The third major plotline involves Hugh’s family – most particularly his sister Dorothy, played with engaging grace and charm by Caroline Martin. Dorothy is dispatched to the pretty cathedral town of Wells, to stay with her elderly Aunt Jemima. Anna Massie is marvellous as the crabby but kind Aunt, who takes a real shine to her niece, hoping to marry her off to Mr Gibson, a local curate.
David Tennant as Gibson is a real standout show-stealer here. Indeed, the ‘Wells’ plotline and cast proves to be one of the most successful elements of this production, in no small part due to the fine acting of Gibson, Massie, Martin and Claudie Blakley, who warrants particular mention as the psychotic Camilla French, to whom Gibson is forcibly engaged, instantly regretting it, and desperate to wriggle out of the arrangement. Gibson's dilemma is prompted by Dorothy's refusal of his hand in marriage (he was keen to secure £2000 promised her by her Aunt), but all the while he is furiously courted by two sisters vying for his affection - the Misses French, Camilla and Arabella. Their bitchy antics provide much of the comic relief here, although there is a strong sense too that Gibson deserves the angst he suffers at their hands – that he has not behaved honourably.
Dorothy is soon embroiled in her own romantic troubles. An unassuming girl, she never expects romantic fulfilment, but is soon proposed to by Brooke Burgess, played by Matthew Goode, who is almost unhealthily smooth and handsome. But Aunt Jemima, at first, is reluctant to let them wed – but we all know, there will be a happy outcome … and are genuinely pleased for Dorothy.
Other notable acting credits should go to Ron Cook, who is excellent as the slimy detective Bosul, John Alderton as the dour parson Mr Outhouse, Amy Marston as prissy Priscilla Stanbury, Raymond Coulthard as Nora’s kindly, rich admirer Mr Glascock, and Geraldine James and Geoffrey Palmer – the latter, especially splendid – as the Rowleys, parents to poor Emily and Nora.
Production values are uniformly solid throughout, although I sense this was not as high budget a production as others the BBC have produced in recent years. But locations are aptly chosen, and a foreign foray into splendid Tuscan countryside, is also thrown in for good measure. Costumes and sets are spot-on. Direction is serviceable and entertaining, conveying us simply and easily through the plot, while highlighting the very real political issues pertaining to women’s rights (or rather the lack of them) in nineteenth century Britain. Davies’s script is especially commendable in his adept handling of the Louis/Emily marriage. Davies is one of our finest writers when it comes to ensuring a sharp critical focus on historical proto-feminist commentary. He is particularly strong at virtuous heroines who are both strong and vulnerable.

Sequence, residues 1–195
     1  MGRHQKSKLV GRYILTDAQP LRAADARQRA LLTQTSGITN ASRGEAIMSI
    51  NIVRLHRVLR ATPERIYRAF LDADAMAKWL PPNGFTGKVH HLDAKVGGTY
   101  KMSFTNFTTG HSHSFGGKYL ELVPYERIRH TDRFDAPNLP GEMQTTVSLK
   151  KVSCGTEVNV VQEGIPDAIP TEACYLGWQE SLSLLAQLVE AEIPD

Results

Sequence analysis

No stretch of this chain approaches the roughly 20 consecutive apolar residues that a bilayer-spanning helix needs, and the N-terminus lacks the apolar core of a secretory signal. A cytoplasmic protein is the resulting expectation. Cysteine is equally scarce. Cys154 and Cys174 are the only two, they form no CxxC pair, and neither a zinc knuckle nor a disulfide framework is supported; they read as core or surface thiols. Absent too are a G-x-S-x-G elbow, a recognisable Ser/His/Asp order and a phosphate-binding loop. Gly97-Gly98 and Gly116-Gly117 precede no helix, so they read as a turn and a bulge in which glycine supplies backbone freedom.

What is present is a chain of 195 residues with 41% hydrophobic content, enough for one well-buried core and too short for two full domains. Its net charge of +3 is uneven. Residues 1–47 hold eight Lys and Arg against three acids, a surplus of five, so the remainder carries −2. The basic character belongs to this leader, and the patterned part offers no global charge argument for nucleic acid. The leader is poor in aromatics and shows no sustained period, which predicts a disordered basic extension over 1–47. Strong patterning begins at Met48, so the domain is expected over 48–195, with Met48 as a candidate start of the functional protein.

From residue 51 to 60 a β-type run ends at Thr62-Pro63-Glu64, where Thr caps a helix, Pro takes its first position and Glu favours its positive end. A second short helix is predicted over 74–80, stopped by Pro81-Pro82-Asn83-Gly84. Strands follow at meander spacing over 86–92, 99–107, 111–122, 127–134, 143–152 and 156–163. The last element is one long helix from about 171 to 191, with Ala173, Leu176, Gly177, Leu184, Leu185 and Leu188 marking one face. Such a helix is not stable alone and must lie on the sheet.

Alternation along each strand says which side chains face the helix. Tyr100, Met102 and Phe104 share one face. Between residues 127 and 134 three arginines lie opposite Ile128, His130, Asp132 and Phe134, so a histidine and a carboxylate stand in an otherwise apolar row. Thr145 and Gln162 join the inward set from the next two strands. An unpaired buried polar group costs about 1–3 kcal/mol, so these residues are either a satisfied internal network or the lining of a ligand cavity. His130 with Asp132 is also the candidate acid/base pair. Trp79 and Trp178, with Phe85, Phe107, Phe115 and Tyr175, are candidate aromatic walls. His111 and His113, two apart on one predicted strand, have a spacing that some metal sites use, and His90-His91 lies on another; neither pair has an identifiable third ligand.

This is a fine, albeit underrated adaptation. There is a gentle cadence to the production. It is amusing and even a little twee at times, but still it remains a strongly argued piece of work. It is not in the same class as the marvellous Bleak House or as unrelentingly enjoyable as Pride and Prejudice. But it is a well-produced, well-acted contribution to the BBC’s bulging portfolio of period dramas, and further proof too that Trollope makes for good TV drama. I sincerely hope we get a version of the Palliser novels some time in the future, or indeed, a re-run of the Barsetshire chronicles. Trollope says very serious things in a deceptively sweet and sincere manner, and this adaptation is no exception.